2. Put together a brief story about what you’re hoping to accomplish with this project/game. I stress this is brief. You can develop a longer, feature-complete design document later, or at least for a different purpose. Keep your story short and to the point.
Here’s an example: “I’m creating a classic platformer adventure about a hero that seeks revenge against her captors in a strange, alien world. She can change her density so that she is able to float in mid-air, sink through the ground, or pass through walls. The character will gain and upgrade these abilities over time, and players will need to use these abilities to reach certain areas of the map and solve puzzles.”
3. Put together your design document. THIS is the painstakingly composed, thorough, long, very detailed list that describes everything that your Version 1.0 should do.
4. Break down that design document into smaller, more digestible chunks. Sivers calls these “milestones.” Actually, it’s an industry term as well, so become familiar with it. The idea behind a milestone is that it’s a small bit that can be worked on, independent of everything else on the design document, which adds to the completed project. It’s one piece of the puzzle, allowing the programmer to focus all their energy and attention to that smaller piece.
5. Make your first milestone a stand-alone project. A game engine is a perfect example.
“I’m looking for a custom platform engine that allows the player to hover in the air for a short time after a jump, as well as sink through platforms as if they were melting, but come out on the other side. The player should be able to do the same thing for walls, as well.” This should do the trick.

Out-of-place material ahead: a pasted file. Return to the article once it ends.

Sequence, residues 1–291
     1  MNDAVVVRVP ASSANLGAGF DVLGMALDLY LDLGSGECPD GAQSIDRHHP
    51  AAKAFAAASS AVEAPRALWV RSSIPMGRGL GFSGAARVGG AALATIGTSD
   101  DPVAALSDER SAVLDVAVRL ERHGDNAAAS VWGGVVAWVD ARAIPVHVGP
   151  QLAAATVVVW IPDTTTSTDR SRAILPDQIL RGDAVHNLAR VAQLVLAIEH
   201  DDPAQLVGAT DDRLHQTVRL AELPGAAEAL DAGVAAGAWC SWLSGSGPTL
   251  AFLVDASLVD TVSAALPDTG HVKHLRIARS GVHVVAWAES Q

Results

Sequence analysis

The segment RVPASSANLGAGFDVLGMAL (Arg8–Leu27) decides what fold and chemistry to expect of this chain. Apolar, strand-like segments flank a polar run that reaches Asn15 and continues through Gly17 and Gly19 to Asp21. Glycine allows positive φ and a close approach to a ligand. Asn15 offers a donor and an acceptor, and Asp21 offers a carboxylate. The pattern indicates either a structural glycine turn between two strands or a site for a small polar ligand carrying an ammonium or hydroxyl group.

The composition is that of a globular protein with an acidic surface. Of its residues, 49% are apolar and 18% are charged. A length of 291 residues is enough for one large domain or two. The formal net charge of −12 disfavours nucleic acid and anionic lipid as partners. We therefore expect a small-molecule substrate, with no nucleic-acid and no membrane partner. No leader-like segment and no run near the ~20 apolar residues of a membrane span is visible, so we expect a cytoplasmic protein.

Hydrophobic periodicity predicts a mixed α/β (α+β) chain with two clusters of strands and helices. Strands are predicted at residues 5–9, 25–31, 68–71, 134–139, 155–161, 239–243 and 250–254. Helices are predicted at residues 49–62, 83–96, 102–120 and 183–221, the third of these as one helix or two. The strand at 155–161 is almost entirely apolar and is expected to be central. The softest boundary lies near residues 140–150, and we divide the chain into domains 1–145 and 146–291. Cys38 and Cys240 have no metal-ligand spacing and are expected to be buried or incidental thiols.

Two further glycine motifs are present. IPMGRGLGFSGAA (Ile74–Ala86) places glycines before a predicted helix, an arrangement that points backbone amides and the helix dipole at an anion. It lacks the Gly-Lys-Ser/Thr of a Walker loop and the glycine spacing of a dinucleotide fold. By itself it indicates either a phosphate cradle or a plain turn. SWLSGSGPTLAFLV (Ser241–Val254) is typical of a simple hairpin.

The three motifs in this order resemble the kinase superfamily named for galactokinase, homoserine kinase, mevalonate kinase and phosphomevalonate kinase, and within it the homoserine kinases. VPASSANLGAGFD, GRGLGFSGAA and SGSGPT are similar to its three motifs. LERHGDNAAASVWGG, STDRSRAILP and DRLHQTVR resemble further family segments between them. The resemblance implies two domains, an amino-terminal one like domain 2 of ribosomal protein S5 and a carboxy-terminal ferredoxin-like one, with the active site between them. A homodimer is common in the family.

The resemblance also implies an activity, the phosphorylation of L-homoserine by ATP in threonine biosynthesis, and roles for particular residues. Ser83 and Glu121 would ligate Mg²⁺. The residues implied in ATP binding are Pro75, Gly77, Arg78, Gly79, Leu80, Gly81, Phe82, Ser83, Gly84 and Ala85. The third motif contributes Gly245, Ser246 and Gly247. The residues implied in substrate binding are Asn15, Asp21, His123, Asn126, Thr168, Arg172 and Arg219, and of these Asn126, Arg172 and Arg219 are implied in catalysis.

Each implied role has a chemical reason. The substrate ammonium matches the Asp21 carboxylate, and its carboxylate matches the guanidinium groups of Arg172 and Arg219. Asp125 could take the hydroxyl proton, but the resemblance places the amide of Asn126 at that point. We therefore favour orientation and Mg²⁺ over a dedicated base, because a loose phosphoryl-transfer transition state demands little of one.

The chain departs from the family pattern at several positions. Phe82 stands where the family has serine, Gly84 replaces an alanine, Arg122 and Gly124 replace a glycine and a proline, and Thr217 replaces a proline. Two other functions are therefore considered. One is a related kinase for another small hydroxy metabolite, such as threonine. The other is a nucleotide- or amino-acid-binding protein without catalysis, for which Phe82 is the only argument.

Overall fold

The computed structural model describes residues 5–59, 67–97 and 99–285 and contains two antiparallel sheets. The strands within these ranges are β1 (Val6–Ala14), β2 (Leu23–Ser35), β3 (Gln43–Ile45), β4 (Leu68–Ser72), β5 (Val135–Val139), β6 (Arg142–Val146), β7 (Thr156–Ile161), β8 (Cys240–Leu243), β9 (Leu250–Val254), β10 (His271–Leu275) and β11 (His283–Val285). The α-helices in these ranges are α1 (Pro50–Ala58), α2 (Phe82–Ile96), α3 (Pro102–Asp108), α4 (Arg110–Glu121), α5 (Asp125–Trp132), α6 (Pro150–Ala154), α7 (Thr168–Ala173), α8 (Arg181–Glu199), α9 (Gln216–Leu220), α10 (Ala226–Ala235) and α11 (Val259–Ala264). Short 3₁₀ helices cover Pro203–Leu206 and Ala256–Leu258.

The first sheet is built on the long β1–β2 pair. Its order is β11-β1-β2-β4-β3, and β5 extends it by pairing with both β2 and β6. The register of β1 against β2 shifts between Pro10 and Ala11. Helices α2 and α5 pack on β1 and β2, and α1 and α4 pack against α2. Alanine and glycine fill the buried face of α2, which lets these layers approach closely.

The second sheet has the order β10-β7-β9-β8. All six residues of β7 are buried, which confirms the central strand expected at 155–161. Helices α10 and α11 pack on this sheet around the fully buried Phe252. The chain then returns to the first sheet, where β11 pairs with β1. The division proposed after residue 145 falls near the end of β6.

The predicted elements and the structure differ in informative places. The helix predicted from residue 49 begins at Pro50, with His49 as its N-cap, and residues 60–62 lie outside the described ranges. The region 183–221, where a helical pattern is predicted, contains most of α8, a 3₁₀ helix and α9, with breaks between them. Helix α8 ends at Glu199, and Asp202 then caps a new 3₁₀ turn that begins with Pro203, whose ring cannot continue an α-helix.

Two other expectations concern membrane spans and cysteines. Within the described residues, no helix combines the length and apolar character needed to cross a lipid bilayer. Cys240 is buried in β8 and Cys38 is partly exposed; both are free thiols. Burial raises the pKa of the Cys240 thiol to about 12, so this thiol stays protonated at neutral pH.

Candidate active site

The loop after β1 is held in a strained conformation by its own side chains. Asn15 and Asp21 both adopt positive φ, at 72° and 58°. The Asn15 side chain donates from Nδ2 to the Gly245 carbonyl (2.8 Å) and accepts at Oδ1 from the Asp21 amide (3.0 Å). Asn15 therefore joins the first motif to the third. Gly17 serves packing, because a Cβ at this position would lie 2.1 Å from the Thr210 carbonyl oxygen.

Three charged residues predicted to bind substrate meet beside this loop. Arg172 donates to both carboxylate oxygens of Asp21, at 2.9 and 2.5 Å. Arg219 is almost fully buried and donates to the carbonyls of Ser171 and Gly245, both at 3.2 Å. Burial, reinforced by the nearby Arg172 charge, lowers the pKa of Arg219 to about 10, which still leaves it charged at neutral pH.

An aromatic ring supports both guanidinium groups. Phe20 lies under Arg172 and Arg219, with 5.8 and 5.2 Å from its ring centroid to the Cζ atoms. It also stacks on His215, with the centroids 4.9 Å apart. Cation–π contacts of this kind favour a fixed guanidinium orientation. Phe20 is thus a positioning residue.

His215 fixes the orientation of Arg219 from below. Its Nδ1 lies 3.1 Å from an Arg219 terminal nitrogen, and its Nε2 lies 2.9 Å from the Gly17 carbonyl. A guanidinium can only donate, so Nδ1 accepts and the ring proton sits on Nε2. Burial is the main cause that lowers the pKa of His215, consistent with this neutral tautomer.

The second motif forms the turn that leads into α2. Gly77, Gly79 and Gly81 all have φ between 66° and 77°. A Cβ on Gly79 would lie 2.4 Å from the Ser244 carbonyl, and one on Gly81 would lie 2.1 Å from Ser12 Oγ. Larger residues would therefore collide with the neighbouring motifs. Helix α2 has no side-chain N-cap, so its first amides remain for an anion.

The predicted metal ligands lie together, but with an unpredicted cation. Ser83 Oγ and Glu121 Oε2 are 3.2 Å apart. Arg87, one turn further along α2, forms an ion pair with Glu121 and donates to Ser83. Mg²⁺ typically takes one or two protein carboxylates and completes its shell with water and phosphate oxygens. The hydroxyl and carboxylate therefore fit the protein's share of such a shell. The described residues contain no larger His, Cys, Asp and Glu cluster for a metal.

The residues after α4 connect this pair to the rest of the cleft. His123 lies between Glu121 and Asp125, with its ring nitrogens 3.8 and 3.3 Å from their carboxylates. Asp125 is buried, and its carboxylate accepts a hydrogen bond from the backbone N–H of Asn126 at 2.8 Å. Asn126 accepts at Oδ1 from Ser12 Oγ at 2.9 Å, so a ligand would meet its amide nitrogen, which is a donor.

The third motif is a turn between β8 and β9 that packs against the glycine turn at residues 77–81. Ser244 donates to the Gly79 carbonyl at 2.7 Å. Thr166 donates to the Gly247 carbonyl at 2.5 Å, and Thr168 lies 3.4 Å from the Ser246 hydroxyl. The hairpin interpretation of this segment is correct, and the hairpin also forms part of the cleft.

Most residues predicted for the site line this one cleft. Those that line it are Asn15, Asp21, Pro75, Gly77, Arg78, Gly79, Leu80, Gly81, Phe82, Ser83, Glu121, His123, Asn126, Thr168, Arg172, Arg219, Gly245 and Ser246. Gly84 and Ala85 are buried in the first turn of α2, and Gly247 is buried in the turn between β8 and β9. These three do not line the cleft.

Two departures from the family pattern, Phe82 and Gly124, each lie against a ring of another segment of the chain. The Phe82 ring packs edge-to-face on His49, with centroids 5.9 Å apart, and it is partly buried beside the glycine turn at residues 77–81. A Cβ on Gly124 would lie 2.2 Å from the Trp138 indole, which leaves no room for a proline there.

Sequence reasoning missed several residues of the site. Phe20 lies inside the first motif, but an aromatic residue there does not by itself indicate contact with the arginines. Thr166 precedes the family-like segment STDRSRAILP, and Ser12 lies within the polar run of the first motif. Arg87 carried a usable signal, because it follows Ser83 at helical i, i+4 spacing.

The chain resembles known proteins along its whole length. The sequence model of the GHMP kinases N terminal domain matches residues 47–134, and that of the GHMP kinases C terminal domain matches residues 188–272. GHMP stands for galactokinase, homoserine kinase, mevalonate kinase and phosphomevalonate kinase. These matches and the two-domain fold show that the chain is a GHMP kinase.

6. Post your first milestone as a request anywhere and everywhere it will be seen by potential candidates. Here at TDC, maybe the ClickTeam forums, and other active websites that focus on MMF2 or other ClickTeam products.
7. After receiving your responses (and this is assuming you receive several responses, of course!), choose more than one person to do the job. This may seem odd, but you’re hedging your bets here. What if that one person you’ve picked flakes out on you? What if they work too slow for your liking? What if they simply disappear? There’s always at least one more person who’s looking into the project.
…So when someone says, “So what’s your Plan B?” You’ll actually have an answer. The folks who don’t follow-through with the first milestone for some reason, you can simply and courteously close the deal with them. Say “Maybe next time, but until then, best of luck!”
8. Out of all the finished submissions, pick the person you like the most.
Let’s be honest here. This website and community are full of casual users. Not many people are treating their ClickTeam products like a serious tool to develop the next killer app, fantastic game, or whatever. Most folks are here to have fun, and pick up MMF2 when they have the spare time and nothing else better to do. That’s totally fine, and honestly it’s what I do myself.
But for those who truly believe in the power of the tool they hold in their hands, who spend hours developing new extensions and/or ways to use them, who laboriously create dozens of frames of animation…Those are the folks who will respond to such a process as is outlined above. Those are the people who will finish that milestone project for you, and who you will want to work with.
Stick with them, keep feeding them the milestones, and before you know it, your collaboration will result in a completed project…Which is a rarity these days.
Best of luck to you, Clickers.
note: you can see my original posting of this article here. please note that the version i have posted at www.let-off.com fixes some of the typographical errors i made in the original posting.